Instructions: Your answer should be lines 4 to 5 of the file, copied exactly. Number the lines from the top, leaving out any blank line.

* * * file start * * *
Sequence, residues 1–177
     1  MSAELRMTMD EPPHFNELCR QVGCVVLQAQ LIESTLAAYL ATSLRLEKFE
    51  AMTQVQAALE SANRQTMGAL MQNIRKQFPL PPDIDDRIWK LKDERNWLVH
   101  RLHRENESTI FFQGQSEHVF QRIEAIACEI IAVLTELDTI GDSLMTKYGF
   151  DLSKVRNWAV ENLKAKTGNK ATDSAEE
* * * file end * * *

   101  RLHRENESTI FFQGQSEHVF QRIEAIACEI IAVLTELDTI GDSLMTKYGF
   151  DLSKVRNWAV ENLKAKTGNK ATDSAEE